Issue 89 February 2012
The excruciating pain experienced by millions is generally considered harmless by doctors; any regular sufferer however knows the debilitating impact on daily life. Sarah Jawad examines the types of headaches and their treatments.
Headaches are amongst the most common medical complaints. Defined as any sort of pain in the head or upper neck, they are the reason behind tens of thousands of visits to doctors each year. Although the majority of cases are harmless (albeit disruptive to everyday life), some are indicators of a more serious health problem. Headaches have a number of causes, which can be divided into primary and secondary. Their treatment depends on the type of headache, and usually takes the form of simple pain relief, unless an underlying cause can be established.
Types of Headaches
Primary headaches are the most common type, and include such things as tension headaches and migraines. They generally do not have an underlying cause; rather, their symptoms are mainly linked to pain, which can have a debilitating effect on a person’s life. There are three main types of primary headaches.
Tension Headaches—Also known as stress headaches, these are the most common type of headache. 90% of people will suffer from them at least once in their life, and they tend to be more common in females. They're characterised by mild to moderate pain, often described as a constant pressure, or as though one’s head is being squeezed in a vice. It tends to be present in both sides of the head at once, and may be associated with tenderness of the scalp, but, crucially, no nausea or vomiting. They can last from minutes to hours, or even days. 3% of the population suffer from chronic tension headaches, where they occur at least 15 days a month, for more than six months.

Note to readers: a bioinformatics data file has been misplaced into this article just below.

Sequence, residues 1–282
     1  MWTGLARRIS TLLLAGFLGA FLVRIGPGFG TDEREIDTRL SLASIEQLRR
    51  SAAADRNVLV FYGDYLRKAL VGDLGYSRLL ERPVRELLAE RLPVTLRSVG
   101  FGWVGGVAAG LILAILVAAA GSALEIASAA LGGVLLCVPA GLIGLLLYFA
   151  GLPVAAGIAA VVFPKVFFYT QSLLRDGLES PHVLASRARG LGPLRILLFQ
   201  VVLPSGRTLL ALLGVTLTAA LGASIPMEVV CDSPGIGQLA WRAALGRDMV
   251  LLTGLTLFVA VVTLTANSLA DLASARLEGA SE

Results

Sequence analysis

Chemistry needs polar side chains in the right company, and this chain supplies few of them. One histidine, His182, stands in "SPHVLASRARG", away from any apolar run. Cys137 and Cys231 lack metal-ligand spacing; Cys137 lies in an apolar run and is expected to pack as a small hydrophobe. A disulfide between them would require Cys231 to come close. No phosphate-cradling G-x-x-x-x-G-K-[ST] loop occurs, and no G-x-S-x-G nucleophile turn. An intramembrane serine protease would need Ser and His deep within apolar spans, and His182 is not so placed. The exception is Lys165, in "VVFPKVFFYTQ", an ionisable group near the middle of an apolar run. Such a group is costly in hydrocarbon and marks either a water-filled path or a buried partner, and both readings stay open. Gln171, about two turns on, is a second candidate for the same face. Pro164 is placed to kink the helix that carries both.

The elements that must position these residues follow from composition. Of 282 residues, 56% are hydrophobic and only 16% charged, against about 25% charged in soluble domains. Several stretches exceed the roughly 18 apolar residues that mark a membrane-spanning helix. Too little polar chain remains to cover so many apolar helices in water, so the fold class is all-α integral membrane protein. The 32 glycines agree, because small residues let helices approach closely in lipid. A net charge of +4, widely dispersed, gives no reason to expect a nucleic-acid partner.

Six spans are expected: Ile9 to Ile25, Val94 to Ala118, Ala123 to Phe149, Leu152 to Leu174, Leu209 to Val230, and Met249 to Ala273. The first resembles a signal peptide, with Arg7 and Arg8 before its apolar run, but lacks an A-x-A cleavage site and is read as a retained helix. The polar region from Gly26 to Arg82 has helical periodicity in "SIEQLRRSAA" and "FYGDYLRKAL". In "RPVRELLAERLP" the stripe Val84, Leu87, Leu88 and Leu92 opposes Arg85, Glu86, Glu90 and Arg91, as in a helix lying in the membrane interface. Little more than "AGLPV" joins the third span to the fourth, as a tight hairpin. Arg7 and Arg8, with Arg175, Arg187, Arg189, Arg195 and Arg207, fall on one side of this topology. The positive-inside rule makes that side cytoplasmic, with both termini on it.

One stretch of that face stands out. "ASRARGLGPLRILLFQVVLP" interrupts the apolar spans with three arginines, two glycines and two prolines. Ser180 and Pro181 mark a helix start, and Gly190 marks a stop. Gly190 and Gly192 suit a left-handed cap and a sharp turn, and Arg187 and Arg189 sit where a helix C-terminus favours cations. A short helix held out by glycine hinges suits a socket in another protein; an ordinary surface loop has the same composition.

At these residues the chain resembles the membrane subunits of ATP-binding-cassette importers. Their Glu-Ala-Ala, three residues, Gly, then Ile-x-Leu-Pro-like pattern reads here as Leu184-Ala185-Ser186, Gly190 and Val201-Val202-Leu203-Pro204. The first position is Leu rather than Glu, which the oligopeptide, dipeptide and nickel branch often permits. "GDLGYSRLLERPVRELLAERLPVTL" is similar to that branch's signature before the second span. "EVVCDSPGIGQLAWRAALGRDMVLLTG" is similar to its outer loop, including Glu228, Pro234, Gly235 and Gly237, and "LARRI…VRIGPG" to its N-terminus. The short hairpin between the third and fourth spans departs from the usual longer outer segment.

Migraines—8% of the UK population suffers from migraines. They are the cause of much misery, and alone cost the UK economy more than £200 million a year in lost production. It classically presents as a moderate-to-severe one-sided headache which is pulsating in nature. They can be associated with a number
of symptoms; many migraine sufferers report experiencing an ‘aura’ (such as strange sensations or visual disturbances) minutes before the onset of the headache, which itself can last for any length of time between 4 hours and three days. There are often associated symptoms, such as nausea and vomiting, and increased sensitivity to light, noise or smells. Some people find their headaches are triggered by certain foods or drinks, the main culprits being chocolate, cheese and caffeine. Migraines can affect both children and adults, although post-puberty they are again more common amongst females.
Cluster Headaches—Cluster headaches are a much rarer type of headache, which come on very rapidly and frequently, but are short lived. The pain is severeand always one sided, usually beginning around one eye, which may become watery and bloodshot. They tend to last between 15-160 minutes, and happen once or twice a day recurrently for several weeks; they often then subside for several months, before the next cluster.